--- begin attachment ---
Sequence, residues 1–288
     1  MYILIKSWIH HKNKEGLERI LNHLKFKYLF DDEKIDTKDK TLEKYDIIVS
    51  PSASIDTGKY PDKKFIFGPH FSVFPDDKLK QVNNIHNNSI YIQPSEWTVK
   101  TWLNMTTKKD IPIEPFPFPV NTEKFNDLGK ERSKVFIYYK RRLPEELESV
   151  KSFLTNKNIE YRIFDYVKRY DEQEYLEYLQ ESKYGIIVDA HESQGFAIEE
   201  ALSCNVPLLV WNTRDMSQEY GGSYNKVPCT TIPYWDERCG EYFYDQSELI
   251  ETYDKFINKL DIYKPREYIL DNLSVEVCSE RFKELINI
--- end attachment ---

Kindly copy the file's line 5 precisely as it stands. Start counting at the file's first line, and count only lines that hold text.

   151  KSFLTNKNIE YRIFDYVKRY DEQEYLEYLQ ESKYGIIVDA HESQGFAIEE